Peter Barnes Comments on BEAT Provision in Law360
A literal reading of one of the new international provisions in the recent federal tax overhaul could have the unintended consequence of encouraging U.S. companies to change their operations to avoid the harsh treatment, practitioners said.
Peter Barnes, a senior fellow at Duke University School of Law, also argued for playing it safe. [Mr. Barnes is also Of Counsel to Caplin & Drysdale’s International Tax and Tax Controversies practice groups.]
“There may be a break on the cost component, but that’s not the way the rule is written,” he said.
Barnes, a former tax executive with General Electric Co., said that the provision could cause U.S. multinationals to restructure their operations — and that some of those restructurings could hurt, rather than help, the U.S. overall. For example, he said, a company might decide to have a foreign affiliate that currently provides services or intangibles also provide the good.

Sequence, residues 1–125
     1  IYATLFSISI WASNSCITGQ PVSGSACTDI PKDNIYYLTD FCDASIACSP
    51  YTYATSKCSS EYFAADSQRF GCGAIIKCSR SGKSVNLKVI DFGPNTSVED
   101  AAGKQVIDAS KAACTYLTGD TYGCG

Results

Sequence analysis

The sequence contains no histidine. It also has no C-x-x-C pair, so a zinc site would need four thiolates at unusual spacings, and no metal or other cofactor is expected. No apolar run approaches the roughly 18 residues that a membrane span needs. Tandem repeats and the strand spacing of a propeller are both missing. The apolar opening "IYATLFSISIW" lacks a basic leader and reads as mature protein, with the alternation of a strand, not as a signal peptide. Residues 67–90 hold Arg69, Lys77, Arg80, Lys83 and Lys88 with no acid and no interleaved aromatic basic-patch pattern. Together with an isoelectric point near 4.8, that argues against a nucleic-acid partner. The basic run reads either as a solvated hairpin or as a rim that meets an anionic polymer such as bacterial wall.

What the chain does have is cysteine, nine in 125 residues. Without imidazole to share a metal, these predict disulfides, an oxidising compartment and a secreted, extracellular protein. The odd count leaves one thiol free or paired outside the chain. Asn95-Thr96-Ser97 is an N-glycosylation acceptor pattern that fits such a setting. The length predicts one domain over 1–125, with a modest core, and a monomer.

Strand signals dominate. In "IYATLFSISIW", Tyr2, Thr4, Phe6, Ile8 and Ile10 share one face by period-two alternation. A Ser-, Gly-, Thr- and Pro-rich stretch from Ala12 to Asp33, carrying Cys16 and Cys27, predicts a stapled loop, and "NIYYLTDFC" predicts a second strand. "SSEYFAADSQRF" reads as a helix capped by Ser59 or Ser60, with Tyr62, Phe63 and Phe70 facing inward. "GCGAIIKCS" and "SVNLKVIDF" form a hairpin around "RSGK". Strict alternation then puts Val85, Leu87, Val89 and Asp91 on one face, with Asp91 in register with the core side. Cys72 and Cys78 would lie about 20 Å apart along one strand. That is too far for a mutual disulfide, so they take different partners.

If a U.S. company uses foreign-owned intellectual property to make pills in the U.S., the royalty for that IP is a base-eroding payment, Barnes noted. On the other hand, if the foreign entity that owns the IP makes the pills, “that’s not a base-eroding payment even though there’s an intangible component in there because they’re buying goods,” he said. This kind of restructuring is “an unintended but clearly foreseeable consequence of the BEAT.”
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Excerpt taken from the article “Tax Specialists Call for Generous Reading of BEAT Provision” by Molly Moses for Law360.
- Of Counsel